The internship placement portion of the program has also been very beneficial for me. As a YLC board intern, I am able to engage with other board members to listen and learn how they make decisions that ultimately impact the organization overall. Another benefit from participating in YLC is learning about other non-profits that I didn’t know existed! I am so grateful for the relationships I have built with my fellow cohort members and for my newfound energy to help make an impact in my community.

Queenie Lux
Manager, Clinical Informatics Operations

HCA Healthcare

Joslyn McGaughy

“I moved to the Nashville area in early 2020 and, due to the pandemic, was not able to fully connect with other professionals or with my new community, as I had hoped.  YLC provided me with the opportunity to learn more about Nashville and meet other young professionals who share a vested interest in serving the community.  I had no idea what to truly expect from YLC, but every session was amazing and helped prepare me to successfully serve on a nonprofit board.  YLC provided me with a skill set and knowledge of the nonprofit sector that I otherwise would not have been afforded while also building connections so that I can have a seat at the leadership table. I was also able to develop a strong knowledge base and build a foundation to better support the nonprofit organization I am working to establish. YLC is truly life and career changing. I would encourage anyone trying to gain a greater sense of purpose through non-profit work, to consider YLC.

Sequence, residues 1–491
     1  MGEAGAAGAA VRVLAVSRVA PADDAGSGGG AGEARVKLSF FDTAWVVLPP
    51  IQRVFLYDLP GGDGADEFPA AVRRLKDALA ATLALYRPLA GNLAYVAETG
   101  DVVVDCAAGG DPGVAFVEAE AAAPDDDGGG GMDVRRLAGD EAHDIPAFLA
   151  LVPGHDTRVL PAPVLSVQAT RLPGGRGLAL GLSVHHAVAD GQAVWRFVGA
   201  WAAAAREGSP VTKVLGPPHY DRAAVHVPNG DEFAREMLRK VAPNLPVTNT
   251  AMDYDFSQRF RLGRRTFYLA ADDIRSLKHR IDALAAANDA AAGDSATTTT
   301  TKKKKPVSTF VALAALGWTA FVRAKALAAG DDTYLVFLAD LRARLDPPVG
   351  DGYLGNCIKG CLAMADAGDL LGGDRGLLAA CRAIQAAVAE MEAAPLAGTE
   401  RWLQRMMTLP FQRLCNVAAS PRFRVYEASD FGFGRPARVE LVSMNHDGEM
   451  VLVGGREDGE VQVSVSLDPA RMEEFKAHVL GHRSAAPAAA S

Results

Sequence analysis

Joslyn McGaughy
Owner / Area Developer
i9 Sports Nashville North